Press Release: 100 Years Ago: Salford at War
To commemorate the centenary of the outbreak of World War One, Salford Museum and Art Gallery, working in partnership with the community has put together an incisive exhibition, focusing on people with a connection to Salford and their stories.
People from the community have volunteered to research and write about different aspects of the war and their family members. Such as Charlie Hunter, a Salford Pal who fought at the Somme, Dr James Niven, who helped to fight the Spanish Flu epidemic, Jack Trenbath, a Salford soldier that fought in the trenches and Minnie Wood, a nurse trained at Salford and was awarded the Royal Red Cross and OBE.
These are just some of the stories, during World War One many local men served in the armed forces, whilst men and women helped with the war effort at home. Salford was renowned for its Pals Battalions and raised four, which was more than many larger British cities. Pals Battalions were a way of encouraging men to recruit into the army with their friends from the same area, occupation or club. Over the four year conflict 15,000 served in the Salford Pals. On the first day of the battle of the Somme, 1 July 1916, almost 1,000 men from three Salford Pal battalions were lost in one day. Just part of the sacrifice that was made locally.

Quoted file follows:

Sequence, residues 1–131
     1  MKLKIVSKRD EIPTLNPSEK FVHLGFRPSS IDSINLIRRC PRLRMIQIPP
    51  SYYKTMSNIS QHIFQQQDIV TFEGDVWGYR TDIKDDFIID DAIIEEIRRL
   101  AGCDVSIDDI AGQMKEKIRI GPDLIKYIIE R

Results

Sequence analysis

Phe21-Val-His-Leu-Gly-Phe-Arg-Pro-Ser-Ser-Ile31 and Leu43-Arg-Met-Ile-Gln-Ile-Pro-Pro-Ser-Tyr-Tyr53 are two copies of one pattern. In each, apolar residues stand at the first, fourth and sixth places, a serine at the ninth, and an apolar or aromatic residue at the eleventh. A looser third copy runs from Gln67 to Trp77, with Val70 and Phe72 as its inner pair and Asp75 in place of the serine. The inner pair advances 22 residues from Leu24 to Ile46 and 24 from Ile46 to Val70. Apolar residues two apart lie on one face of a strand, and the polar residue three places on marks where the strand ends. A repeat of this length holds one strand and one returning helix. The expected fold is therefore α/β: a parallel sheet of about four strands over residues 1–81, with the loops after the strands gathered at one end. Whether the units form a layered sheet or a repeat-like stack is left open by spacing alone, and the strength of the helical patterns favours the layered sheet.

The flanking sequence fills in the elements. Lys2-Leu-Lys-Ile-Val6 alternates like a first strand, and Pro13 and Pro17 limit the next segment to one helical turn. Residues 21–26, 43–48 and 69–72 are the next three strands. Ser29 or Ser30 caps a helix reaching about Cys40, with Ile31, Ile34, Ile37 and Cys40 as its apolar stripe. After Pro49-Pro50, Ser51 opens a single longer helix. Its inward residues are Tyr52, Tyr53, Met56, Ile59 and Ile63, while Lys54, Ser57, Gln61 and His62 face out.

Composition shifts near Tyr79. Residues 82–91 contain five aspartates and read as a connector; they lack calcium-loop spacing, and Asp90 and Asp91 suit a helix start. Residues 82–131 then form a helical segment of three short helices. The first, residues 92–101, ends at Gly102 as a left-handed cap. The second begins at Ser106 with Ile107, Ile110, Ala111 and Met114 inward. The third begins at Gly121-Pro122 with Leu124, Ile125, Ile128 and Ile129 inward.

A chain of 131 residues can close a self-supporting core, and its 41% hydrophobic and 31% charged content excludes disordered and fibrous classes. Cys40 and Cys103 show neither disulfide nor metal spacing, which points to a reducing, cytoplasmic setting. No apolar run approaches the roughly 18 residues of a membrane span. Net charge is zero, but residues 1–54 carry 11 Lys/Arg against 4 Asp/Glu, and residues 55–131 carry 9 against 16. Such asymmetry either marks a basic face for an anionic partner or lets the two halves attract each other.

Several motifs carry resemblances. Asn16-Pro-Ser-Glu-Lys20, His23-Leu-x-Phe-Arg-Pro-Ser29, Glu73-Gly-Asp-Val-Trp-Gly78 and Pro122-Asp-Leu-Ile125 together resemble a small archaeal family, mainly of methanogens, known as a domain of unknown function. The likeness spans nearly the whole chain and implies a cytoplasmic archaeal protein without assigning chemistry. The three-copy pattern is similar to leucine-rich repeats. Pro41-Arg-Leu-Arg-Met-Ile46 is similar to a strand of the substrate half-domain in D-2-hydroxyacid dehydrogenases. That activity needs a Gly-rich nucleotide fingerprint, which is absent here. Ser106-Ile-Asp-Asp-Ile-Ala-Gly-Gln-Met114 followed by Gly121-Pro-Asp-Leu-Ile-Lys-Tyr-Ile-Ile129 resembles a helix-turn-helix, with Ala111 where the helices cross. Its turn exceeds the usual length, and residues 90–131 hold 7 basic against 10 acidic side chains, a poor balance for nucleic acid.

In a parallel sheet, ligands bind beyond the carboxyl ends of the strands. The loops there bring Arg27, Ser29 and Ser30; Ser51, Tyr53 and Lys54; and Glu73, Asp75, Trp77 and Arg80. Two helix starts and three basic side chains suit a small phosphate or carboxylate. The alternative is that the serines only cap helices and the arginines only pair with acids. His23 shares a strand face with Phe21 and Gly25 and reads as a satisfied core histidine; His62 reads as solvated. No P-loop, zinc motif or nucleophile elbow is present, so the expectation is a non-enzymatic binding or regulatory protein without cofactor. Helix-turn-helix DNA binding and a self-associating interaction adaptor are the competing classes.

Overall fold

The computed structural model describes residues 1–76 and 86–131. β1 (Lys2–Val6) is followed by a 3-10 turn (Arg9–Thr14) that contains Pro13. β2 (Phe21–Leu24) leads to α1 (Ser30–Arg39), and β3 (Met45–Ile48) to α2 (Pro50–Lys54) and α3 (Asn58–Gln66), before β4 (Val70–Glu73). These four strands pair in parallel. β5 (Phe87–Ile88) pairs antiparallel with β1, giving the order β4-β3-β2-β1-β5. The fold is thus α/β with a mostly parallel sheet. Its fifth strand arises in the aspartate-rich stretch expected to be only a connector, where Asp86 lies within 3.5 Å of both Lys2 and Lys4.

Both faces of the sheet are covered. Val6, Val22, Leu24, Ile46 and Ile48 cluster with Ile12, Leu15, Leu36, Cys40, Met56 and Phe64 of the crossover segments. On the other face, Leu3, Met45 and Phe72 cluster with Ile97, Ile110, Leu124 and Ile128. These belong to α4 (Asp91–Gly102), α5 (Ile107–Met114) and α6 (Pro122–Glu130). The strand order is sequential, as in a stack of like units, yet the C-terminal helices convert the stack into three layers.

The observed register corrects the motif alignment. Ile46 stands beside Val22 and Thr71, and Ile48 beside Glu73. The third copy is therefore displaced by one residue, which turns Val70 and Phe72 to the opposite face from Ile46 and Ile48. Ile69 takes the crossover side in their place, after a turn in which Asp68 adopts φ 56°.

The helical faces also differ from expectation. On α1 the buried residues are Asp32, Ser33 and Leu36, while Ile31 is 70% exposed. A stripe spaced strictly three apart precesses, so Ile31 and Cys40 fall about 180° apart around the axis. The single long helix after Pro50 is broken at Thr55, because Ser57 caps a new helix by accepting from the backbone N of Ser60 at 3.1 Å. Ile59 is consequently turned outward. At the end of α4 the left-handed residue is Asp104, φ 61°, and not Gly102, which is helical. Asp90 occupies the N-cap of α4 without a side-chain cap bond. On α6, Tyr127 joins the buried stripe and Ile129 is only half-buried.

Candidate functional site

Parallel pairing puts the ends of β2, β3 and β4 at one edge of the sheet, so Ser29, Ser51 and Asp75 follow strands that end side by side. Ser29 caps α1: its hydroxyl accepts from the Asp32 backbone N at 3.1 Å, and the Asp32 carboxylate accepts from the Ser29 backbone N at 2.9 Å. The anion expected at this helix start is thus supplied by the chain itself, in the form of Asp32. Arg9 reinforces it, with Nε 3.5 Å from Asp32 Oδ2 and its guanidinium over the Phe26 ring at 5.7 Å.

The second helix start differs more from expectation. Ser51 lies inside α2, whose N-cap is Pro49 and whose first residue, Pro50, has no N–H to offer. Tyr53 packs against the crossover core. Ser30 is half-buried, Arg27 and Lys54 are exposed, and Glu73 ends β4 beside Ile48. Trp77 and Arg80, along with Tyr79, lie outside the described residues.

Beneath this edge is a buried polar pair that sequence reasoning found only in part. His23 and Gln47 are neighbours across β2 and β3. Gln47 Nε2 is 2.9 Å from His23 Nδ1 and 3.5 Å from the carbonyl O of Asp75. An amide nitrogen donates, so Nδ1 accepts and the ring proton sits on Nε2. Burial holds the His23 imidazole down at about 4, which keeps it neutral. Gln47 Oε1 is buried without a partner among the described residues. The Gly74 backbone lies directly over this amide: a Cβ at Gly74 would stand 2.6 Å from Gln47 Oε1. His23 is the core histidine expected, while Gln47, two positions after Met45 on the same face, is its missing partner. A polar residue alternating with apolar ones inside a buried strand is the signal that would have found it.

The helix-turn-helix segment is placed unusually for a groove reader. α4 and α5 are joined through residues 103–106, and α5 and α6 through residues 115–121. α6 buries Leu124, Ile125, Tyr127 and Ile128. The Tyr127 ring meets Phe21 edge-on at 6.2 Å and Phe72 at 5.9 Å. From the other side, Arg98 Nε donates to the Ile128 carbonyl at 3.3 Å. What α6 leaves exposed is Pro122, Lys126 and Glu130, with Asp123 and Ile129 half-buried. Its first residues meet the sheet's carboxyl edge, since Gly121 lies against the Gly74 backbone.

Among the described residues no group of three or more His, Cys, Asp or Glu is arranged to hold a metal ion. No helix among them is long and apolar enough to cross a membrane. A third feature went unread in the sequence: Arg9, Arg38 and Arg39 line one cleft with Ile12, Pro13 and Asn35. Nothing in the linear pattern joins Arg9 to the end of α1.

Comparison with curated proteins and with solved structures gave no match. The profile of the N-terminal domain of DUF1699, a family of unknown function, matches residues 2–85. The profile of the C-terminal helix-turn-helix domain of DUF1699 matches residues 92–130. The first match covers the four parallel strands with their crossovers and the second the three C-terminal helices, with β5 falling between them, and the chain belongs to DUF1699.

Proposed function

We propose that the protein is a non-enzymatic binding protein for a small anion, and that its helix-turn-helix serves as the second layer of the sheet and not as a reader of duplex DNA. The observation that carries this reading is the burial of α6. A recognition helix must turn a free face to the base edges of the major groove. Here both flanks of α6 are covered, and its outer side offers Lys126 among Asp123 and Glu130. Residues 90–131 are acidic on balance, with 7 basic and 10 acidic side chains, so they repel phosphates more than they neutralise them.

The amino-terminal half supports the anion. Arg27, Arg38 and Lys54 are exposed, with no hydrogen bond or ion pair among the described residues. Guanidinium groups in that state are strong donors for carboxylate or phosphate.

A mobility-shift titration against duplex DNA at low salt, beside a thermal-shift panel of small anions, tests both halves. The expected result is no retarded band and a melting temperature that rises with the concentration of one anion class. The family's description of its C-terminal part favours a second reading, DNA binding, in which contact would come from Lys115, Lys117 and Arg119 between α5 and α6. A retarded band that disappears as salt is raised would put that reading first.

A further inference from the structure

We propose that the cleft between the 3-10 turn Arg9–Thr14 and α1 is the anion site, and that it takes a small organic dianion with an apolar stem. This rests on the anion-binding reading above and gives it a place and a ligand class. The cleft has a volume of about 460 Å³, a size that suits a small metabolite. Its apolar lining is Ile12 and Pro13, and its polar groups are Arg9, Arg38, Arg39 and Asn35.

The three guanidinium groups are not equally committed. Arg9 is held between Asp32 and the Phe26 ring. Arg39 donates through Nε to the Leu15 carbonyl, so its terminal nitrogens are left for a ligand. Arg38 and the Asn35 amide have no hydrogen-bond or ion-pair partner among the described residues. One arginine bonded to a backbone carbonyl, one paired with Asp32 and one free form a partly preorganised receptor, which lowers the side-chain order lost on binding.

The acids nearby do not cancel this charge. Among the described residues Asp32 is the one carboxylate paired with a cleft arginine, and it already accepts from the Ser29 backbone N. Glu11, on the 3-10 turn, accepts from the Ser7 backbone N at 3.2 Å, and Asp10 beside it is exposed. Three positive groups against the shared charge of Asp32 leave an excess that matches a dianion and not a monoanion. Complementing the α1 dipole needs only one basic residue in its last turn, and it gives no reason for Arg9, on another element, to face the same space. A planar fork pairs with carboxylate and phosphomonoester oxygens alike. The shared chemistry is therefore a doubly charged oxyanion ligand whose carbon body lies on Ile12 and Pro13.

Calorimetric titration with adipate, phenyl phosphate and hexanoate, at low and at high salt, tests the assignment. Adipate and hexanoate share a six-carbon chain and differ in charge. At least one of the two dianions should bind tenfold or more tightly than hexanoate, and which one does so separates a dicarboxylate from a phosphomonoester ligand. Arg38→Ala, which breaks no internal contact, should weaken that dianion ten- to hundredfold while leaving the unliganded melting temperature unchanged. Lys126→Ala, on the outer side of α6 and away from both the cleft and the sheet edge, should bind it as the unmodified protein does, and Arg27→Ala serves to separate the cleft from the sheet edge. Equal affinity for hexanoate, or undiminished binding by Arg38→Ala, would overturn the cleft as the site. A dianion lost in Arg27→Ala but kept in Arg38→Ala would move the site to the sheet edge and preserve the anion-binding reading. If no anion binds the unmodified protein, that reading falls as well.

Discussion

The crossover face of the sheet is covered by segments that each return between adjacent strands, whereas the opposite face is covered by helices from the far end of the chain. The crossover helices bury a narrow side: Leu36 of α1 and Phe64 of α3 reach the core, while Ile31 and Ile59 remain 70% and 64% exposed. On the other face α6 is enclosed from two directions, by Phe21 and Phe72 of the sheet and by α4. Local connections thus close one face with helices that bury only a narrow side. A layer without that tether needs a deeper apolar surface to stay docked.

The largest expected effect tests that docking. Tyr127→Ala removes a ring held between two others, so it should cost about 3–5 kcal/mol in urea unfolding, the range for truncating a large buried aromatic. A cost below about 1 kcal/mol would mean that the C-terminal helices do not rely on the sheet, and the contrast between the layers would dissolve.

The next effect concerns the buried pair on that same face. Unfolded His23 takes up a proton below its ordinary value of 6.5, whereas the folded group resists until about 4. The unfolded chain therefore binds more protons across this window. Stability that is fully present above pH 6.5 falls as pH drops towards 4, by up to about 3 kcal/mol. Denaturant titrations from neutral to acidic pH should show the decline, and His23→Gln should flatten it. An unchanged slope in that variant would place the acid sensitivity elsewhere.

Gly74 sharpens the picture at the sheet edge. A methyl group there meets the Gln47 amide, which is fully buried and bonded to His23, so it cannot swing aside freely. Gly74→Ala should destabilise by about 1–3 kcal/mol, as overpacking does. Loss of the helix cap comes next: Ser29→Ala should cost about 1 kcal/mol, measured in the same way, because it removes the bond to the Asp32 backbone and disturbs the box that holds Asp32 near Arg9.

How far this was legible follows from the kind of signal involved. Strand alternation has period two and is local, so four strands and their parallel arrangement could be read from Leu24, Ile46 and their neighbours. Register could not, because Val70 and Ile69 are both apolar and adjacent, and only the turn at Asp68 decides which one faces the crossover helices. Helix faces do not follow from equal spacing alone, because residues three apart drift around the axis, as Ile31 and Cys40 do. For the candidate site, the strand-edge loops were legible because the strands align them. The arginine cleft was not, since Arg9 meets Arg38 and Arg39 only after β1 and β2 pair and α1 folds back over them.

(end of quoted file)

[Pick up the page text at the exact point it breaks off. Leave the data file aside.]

As well as these stories you will be able to view diaries of soldiers and letters sent home from the front line. To try and bring this period to our younger generations we will be recreating a recruitment office for children to experience what it would have been like.
So to learn more about how Salford contributed and the sacrifices made come along to the exhibition, on display at Salford Museum and Art Gallery from Saturday 15 March 2014 to Sunday 15 November 2015.
Contact for further information, images, quotes etc
Notes for the editor:
Salford Community Leisure provides sport, leisure and cultural services in the city. We manage a wide variety of facilities and activities across the eight neighbourhood areas within the city, including sport and leisure facilities, community centres, libraries, community use high schools, museums and the Music and Performing Art Service.
Salford Museum and Art Gallery presents an exciting programme of permanent displays and changing contemporary exhibition together with a range of events and activities guaranteed to inspire.
Ordsall Hall - Salford's Grade 1 listed Tudor manor house - was first recorded in 1177. Since then, it has been home to medieval gentry, Tudor nobility, Catholics loyal to the crown, butchers, farmers, an Earl, an artist, priests, scout troops, mill workers, cows and several ghosts!
Today, it is an engaging heritage site open to visitors 5 days a week throughout the year. Surrounded by landscaped grounds, it boasts hands on exhibitions, immersive room settings and a small cafe.